Mike's Minute: End of innocence - maybe our gun laws are hopelessly naive

Author
Mike Hosking,
Section
Video,
Publish Date
Thursday, 21 March 2019, 7:16a.m.

COMMENT

I can tell you, having done a few bits and pieces on international radio these past couple of days, that the world has genuinely been interested in what this country is facing.

But like most things in life if you follow the global headlines, you will have seen those headlines have diminished, moved down the page, the bulletin, or disappear altogether. It says nothing of the gravity or enormity of the Christchurch event. It is a simple reminder that the world turns, and life goes on.

The same way we didn't spend as much time on Manchester as Manchester did, or Norway, or Orlando, or any of the other American mass shootings.

Which is one of the more ironic things you feel when you're on American radio, as I was yesterday.

Knowing their relationship with guns, their amendments, their debates, their history, knowing all that and trying to explain what is it we do with guns, and what we are looking to change, feels like a mixture of innocence and simplicity.

We don't have people that carry guns for protection, this is news to them. I was asked about our relationship with the gun. I get what they meant, but we don't really have one. We don't cite amendments and our rights the way they do.

We say, 'well, we like to shoot deer, or get rid of rabbits on farms'. Then I heard myself explaining how we don't have a gun register, don't track ammunition, can pimp up our guns without trace. It all sounded so hopelessly naive, like what the hell have we been thinking?

But then I cite the numbers: yes we have a lot of guns, but we don't shoot people with them.

The great debate in America is the more guns are available, the more mass death goes on. Well that's not true here, we have one gun per three people, which is not as many as America. But if the equation was accurate you would have concluded we should have dealt with a lot more gun crime than we already do.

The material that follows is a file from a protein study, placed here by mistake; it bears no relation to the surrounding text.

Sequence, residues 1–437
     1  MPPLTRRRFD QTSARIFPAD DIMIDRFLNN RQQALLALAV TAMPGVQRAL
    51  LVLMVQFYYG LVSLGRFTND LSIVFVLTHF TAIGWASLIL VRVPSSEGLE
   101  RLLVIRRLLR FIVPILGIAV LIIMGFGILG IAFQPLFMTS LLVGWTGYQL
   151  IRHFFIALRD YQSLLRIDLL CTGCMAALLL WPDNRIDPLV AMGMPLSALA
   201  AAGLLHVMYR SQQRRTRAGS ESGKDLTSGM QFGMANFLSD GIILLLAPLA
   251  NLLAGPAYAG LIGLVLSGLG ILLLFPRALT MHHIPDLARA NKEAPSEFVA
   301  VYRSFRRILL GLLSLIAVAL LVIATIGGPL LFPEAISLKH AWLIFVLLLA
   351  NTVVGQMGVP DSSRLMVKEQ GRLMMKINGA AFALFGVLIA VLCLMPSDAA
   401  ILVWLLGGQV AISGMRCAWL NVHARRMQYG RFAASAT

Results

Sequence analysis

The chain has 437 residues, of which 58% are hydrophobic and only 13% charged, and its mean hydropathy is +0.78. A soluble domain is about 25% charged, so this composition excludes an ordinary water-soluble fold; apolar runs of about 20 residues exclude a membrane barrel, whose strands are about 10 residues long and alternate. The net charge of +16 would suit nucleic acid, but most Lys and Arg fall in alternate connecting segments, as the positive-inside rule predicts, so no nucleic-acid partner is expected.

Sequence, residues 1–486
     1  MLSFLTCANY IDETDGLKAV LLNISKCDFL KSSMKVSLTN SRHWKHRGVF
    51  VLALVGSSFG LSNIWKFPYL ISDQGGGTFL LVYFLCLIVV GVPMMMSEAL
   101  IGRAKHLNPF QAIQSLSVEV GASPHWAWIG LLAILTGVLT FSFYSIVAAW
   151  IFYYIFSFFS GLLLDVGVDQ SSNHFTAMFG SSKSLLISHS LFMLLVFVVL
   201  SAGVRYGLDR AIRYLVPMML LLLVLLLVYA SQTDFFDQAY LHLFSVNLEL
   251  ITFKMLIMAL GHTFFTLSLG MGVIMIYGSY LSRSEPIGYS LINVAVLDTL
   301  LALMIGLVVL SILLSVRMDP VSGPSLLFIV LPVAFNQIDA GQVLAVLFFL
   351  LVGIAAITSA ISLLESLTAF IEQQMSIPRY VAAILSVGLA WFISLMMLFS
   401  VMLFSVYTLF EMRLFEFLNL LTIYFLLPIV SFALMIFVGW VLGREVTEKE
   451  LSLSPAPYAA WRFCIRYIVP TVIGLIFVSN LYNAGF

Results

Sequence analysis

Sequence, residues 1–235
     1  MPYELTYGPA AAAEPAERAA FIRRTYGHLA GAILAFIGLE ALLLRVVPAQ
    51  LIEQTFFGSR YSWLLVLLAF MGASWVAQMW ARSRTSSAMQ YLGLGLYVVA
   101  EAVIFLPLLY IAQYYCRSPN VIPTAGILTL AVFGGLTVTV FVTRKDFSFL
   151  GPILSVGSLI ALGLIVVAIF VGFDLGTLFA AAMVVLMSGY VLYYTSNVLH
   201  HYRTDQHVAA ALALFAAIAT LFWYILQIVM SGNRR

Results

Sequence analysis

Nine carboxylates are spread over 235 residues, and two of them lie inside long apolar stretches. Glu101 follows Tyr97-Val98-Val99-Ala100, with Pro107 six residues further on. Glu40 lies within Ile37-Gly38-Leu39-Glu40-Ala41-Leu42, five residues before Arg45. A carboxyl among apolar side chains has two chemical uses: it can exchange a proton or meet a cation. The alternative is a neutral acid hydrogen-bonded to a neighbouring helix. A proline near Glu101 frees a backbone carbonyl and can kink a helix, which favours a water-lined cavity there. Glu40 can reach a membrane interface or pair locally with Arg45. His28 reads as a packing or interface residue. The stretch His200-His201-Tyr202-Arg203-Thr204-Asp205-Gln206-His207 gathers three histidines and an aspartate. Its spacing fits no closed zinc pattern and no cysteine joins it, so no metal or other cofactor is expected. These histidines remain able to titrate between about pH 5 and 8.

All of this is of course good. This tiny, little country at the bottom of the world is known in a very passing sort of way by many, not unlike our passing knowledge of Boston or Kansas City.

But I tell you what I also tell each interviewer, that the accused 28-year-old mosque gunman with no obvious income was travelling extensively to North Korea, Pakistan, Bosnia, Montenegro and Turkey, and yet wasn't on any radar. They react the same way I did - and in that I am fearful is the real key to this.

If I can see it, if the interviewers can see it, seems unusual if not alarming. Did we even have a radar on?

But mostly the interview ends with how impressed they are by the outpouring of love and support they have seen.

I tell them it's the advantage of a small and close-knit country. Big events literally stop it in its tracks. You know when you join others from the outside looking in, in conversation, you realise there is a lot to be proud of.

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